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Yellow fever is a haemorrhagic viral disease, transmitted by infected mosquitos in Africa and South America. While an effective vaccine is available, inadequate vaccination of endemic areas has made diagnostics a necessity to controlling ongoing outbreaks. However, accurate diagnostics of yellow fever are currently limited by assays that are either unreliable or too impractical for effective outbreak response. Here, we explore the ecology of the Yellow Fever virus, the need for improved diagnostics and the development of effective alternatives to existing assays.

Yellow Fever Virus

The Yellow Fever Virus (YFV) is a 40-50nm, enveloped RNA virus of the Flaviviridae family, which includes Dengue virus, West Nile virus, Zika virus, Japanese Encephalitis virus and Tick-Borne Encephalitis virus.

YFV causes yellow fever – an acute haemorrhagic disease, so called because of the jaundice associated with liver dysfunction. Once an individual is infected with the disease, management is symptomatic with no effective means of treating the infection. Symptoms include jaundice, fever, headache, muscle pain, vomiting, nausea and fatigue and 15% of those who contract YFV develop severe symptoms, of which up to 50% die within 10 days1. The true incidence of yellow fever is unknown, due to insufficient reporting, surveillance and limited access to effective diagnostics.

 

Transmission and Ecology

YFV is predominantly transmitted by Aedes aegypti mosquitos, but is carried by a wide range of species. YFV is first acquired by female mosquitos when feeding on the blood of infected humans or other primates, which then reach the mosquito’s stomach. Sufficient viral concentrations then permit the virus to infect the mosquito’s epithelial cells and replicate. From here, YFV moves to the mosquito’s circulatory system and salivary glands, so that when the mosquito next feeds, it injects its saliva into the wound and infects the host.

Yellow fever is now endemic in 44 countries across the tropics and subtropics of Africa and South America where viral circulation is propagated by the natural presence of mosquito and primate vectors2. Various mosquitoes feed on infected primates in the forests of Africa and South America and transmit YFV to humans that enter these forests – most commonly from sylvatic mosquitos that occasionally circulate in village populations at the fringes of woodlands.

The greatest risk of epidemic occurs when infected humans then return to urban areas (often for medical treatment) and are bitten by the Aedes aegypti mosquito, which are then able to rapidly propagate the virus in urban environments.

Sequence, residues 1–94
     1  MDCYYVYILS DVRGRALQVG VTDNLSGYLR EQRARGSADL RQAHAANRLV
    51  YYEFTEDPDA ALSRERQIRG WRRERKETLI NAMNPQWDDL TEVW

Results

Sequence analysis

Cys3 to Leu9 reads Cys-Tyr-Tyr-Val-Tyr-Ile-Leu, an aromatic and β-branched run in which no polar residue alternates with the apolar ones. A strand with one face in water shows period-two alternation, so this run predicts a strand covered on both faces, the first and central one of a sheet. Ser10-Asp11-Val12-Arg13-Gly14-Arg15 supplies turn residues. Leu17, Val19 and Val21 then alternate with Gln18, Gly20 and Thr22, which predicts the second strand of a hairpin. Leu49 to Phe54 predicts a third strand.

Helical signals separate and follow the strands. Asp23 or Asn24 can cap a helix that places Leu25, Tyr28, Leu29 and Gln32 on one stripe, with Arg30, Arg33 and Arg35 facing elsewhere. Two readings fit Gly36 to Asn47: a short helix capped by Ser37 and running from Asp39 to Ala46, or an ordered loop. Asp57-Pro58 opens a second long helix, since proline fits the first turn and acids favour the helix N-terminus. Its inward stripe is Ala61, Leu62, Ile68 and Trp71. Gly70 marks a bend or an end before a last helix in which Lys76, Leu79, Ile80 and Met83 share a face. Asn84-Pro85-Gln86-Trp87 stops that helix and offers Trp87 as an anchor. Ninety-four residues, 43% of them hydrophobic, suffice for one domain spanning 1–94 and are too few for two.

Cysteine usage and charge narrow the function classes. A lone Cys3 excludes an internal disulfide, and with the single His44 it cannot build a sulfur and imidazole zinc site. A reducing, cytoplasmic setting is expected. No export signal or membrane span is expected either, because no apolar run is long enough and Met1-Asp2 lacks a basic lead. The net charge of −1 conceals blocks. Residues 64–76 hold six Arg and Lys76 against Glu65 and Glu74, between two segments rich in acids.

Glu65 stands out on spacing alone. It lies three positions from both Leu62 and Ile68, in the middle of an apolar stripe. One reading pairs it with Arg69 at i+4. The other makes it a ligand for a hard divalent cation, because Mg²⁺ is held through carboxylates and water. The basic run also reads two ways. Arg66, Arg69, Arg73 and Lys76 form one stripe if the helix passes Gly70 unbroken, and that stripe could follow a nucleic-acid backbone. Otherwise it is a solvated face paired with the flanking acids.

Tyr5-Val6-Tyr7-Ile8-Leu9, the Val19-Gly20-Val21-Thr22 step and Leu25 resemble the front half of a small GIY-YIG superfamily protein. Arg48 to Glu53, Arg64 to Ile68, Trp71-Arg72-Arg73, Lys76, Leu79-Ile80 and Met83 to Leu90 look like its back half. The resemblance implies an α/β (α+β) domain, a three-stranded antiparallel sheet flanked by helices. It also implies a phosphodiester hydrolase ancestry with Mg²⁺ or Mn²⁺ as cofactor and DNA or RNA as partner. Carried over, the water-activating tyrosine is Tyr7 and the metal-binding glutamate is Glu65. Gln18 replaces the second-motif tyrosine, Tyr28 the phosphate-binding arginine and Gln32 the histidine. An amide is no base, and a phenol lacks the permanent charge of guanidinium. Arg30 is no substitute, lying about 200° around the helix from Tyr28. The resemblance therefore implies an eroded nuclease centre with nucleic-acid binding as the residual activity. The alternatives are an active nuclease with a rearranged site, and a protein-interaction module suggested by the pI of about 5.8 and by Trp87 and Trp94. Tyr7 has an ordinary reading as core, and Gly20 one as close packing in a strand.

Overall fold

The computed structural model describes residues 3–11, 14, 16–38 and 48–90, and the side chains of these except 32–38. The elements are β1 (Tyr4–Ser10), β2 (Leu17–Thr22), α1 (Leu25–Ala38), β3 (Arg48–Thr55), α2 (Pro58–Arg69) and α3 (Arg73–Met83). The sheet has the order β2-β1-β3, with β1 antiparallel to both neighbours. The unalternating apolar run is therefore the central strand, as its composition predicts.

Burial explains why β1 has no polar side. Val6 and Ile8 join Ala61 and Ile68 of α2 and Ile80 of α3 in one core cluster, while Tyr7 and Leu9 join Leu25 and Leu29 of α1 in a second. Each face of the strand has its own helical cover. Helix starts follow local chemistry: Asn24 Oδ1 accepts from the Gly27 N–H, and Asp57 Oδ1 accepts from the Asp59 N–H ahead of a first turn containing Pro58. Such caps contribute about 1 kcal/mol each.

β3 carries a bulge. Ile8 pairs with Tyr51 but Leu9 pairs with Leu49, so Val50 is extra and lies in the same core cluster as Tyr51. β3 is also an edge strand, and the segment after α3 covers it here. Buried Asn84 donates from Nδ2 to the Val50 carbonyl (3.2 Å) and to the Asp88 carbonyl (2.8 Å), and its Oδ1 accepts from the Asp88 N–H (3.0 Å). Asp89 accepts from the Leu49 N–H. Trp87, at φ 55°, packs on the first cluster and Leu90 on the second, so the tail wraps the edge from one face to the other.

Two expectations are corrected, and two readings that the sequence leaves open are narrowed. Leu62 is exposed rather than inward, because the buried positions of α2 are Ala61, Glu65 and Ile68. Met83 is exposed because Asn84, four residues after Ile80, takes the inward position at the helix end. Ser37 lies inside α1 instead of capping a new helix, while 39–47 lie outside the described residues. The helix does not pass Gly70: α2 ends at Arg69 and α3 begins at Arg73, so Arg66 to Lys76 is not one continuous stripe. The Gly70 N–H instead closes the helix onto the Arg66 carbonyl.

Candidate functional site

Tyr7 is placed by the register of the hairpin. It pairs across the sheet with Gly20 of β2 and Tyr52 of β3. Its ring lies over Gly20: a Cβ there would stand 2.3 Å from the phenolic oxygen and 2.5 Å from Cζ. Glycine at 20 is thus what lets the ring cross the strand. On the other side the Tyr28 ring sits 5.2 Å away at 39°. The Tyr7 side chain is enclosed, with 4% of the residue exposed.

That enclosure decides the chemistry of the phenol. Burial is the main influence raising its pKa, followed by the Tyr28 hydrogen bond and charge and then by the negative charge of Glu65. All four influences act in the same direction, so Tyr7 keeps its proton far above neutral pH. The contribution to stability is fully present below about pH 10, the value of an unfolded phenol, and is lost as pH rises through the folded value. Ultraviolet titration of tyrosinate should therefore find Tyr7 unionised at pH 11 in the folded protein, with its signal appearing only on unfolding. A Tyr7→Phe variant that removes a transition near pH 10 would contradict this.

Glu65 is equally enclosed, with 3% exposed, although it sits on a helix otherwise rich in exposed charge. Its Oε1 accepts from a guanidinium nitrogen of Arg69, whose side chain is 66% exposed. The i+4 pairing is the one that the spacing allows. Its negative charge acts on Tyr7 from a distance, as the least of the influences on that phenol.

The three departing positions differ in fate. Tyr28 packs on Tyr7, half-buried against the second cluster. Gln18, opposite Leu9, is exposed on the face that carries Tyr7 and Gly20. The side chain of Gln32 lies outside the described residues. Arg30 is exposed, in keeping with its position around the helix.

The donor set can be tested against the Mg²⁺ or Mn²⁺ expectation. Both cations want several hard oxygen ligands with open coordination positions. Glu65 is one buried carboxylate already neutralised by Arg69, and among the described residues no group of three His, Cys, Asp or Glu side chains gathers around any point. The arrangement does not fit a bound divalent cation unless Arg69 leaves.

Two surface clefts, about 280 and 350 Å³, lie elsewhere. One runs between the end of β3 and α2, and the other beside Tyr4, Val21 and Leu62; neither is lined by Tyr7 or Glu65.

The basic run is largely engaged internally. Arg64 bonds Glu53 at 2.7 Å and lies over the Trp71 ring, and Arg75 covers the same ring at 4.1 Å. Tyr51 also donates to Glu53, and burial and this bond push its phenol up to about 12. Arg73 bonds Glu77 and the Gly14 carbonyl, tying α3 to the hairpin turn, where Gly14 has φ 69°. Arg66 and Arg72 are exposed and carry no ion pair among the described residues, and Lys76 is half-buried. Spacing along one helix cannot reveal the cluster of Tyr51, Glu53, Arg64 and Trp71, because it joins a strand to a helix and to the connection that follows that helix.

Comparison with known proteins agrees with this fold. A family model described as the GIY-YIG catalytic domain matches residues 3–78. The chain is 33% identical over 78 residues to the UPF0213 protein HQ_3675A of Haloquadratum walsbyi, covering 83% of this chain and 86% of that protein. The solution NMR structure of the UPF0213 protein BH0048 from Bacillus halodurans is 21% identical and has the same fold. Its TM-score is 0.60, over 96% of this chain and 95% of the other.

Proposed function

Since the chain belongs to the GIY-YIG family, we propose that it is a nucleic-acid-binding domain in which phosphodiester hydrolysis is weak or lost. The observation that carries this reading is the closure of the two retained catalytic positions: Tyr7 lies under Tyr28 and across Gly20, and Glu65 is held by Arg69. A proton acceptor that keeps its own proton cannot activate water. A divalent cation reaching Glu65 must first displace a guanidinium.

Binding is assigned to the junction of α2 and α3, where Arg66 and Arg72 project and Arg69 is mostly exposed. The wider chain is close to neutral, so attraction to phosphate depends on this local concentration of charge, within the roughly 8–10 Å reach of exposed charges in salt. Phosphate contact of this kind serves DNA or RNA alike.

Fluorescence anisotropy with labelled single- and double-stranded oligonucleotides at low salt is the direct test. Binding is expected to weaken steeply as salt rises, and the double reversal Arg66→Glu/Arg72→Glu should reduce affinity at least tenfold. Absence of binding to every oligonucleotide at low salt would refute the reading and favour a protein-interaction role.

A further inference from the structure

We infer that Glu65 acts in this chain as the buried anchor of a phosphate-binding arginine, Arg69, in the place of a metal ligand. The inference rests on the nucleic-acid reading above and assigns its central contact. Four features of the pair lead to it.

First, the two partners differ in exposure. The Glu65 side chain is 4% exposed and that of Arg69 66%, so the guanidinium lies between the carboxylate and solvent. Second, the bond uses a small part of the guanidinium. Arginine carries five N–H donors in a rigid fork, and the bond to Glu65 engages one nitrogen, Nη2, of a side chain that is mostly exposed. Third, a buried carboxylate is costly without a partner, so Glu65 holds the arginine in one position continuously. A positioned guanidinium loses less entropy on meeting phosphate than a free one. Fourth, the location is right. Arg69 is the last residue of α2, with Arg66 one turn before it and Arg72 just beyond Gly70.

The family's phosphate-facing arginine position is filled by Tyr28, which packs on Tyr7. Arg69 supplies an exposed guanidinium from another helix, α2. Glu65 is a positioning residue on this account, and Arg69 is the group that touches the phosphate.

Three epidemiologically distinct infectious cycles for the yellow fever virus are known to occur:

 

1. In the sylvatic (forest) cycle, non-aegypti species serve as vectors to transmit YFV to mainly non-human primates, resulting in asymptomatic infection.

2. In the urban cycle, only the Aedes aegypti mosquito is involved, as it is well adapted to the urban areas of Africa – continually transmitting YFV and infecting human hosts.

3. In Africa, the savannah cycle acts as an intermediate between the urban and sylvatic cycles where a variety of Aedes species directly transmit YFV between humans and other primates.

 

The Yellow Fever virus transmission cycle. Credit: WHO.

In 2015-2016, urban outbreaks of yellow fever were reported in the Democratic Republic of Congo and Angola and there has been an ongoing sylvatic outbreak in Brazil since 20163. Of particular concern is the risk of an urban transmission cycle developing in Brazil and spreading to countries with viable vectors and susceptible populations – a very real threat, considering the expansive distribution of the A. aegypti mosquito.

 

World map, predicting the global distribution of Aedes aegypti. Credit: Kraemer et al.4.

A Yellow Fever Vaccine

An effective yellow fever vaccine has been available since the 1930s and has proven to be safe and affordable1. Since its introduction, the vaccine has been successfully used to immunize populations where YFV is endemic, but coverage is sparse and lack of immunity continues to contribute to sporadic outbreaks5. Furthermore, low stockpiles have forced more frugal immunisation strategies and the WHO estimates that 900 million people remain at risk in endemic areas, of which the majority live in African countries6. Therefore, despite the availability of an effective vaccine, yellow fever remains a public health issue in both endemic and naive areas3.

 

The EYE Strategy